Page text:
Diabetes Positive Screening test:
- Any blood glucose level above 200 mg/dL at any time, including the
- Challenge test: Blood glucose above 200 mg/dL 2 hours after a sweet or starchy meal
- After 10 hour fast: any blood sugar over 125 mg/dL
PreDiabetes Positive Screening test:
- after a 10 hour fast: blood sugar 100-125 mg/dL
- 2 hours after sweet or starchy meal blood sugar 140-199 mg/dL
Conversions between mmol/dL and mg/ dL here
Screening tests are highly suggestive but not diagnostic. When positive, reconfirm whenever possible, with a qualified laboratory and physician.
These screening tests are valid at all ages.
Diabetes has serious complications, all caused by elevated levels of blood Glucose (sugar). In early years the disease is silent. One feels fine while high glucose levels destroy the most delicate but critical circulation in the kidneys, retina of the eyes, feet, and elsewhere.Fortunately we live in a time when prevention of that damage can be effective, and simple. But only those who have or who discover their disease can successfully treat it; especially those with the most common kind: silent diabetes. To do that the disease must be revealed… diabetes diagnosed if present,. , and then controlled by:
- Using a personal glucose monitor to keep track of blood glucose levels
- Measuring and recording glucose levels
- Learning to manage the illness… i contend that is best done as a member of a small group who regularly share their experiences and information.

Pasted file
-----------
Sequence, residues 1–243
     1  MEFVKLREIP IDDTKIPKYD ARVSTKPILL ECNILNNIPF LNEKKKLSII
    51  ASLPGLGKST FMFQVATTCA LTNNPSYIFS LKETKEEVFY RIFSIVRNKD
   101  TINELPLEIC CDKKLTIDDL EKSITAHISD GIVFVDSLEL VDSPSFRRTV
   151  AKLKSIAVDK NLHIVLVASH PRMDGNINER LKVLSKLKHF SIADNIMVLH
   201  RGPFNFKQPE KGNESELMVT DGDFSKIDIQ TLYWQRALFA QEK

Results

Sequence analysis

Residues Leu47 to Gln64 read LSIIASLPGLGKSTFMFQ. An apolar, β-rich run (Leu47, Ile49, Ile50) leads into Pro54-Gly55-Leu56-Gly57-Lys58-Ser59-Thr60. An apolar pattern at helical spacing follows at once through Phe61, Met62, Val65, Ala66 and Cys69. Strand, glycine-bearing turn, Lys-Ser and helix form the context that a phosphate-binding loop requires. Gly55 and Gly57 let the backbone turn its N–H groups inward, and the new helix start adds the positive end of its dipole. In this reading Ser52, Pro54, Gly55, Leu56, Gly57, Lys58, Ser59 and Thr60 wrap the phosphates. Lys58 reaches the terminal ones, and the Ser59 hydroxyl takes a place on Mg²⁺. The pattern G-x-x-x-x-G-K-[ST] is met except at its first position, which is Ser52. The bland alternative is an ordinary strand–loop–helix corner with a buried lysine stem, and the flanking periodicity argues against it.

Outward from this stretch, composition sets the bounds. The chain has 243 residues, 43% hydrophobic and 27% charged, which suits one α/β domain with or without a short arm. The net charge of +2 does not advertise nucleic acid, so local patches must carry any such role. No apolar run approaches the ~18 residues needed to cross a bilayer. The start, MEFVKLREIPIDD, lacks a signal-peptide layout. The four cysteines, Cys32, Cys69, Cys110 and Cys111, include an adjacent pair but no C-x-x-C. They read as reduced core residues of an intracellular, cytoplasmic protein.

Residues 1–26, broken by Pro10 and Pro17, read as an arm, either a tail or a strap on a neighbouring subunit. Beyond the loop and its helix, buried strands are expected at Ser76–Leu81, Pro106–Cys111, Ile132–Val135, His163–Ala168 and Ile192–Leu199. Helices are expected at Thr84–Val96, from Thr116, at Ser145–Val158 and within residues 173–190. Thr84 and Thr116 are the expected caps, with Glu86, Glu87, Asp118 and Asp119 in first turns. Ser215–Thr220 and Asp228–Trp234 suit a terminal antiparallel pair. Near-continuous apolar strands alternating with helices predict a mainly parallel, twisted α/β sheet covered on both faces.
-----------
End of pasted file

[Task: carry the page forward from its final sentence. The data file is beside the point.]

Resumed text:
Some may wonder why it is essential or practical to self control and self manage this particular illness. Although it can best be done with the help of a physician, only the person who has this disease can do so. Physicians cannot hang around 24/7. The time a physician can actually help most is after the disease had done so much damage that a foot has to be cut off, or a kidney replaced: too late for prevention. A competent physician welcomes self management of early or silent disease. All this may seem complicated, but it becomes quite natural quickly when the diabetic can:
- measure, blood glucose, record the result, and then
- use the results to manage and control the disease
- share results and experience with others who have diabetes for: a) interpretation of results; b) finding sources for test strips, medications or professional advice;c) understand medications and ways to manage it. For example, glucose monitoring is crucial, but very expensive. However, an hour drive away is a large international chain store where costs for glucose monitoring supplies are: ( US$): Monitor $ 9.00; 100 test strips $17.88; one time cost of lancing device $5.84; 100 lancet needles, $1.84 Total $34.24 , adequate for about 6 months monitoring– $0.19/day! By comparison, costs where test strips alone are $ .50-.75 each, are many times that depending on how many strips are required.
The personal glucometer (glucose measuring device or meter) is inexpensive, accurate and lasts for years. One must learn to use it, use it regularly and record results and circumstances affecting each test. . At first it is advisable to measure glucose levels often in order to better understand the illness. Yet because test strip use can often gradually be reduced to as little as 5 or six times weekly, plus anytime a concern arises. For example, one might suspect, for whatever reason, a blood glucose is low, and eat “just in case.” That should not be done: measure, don’t guess!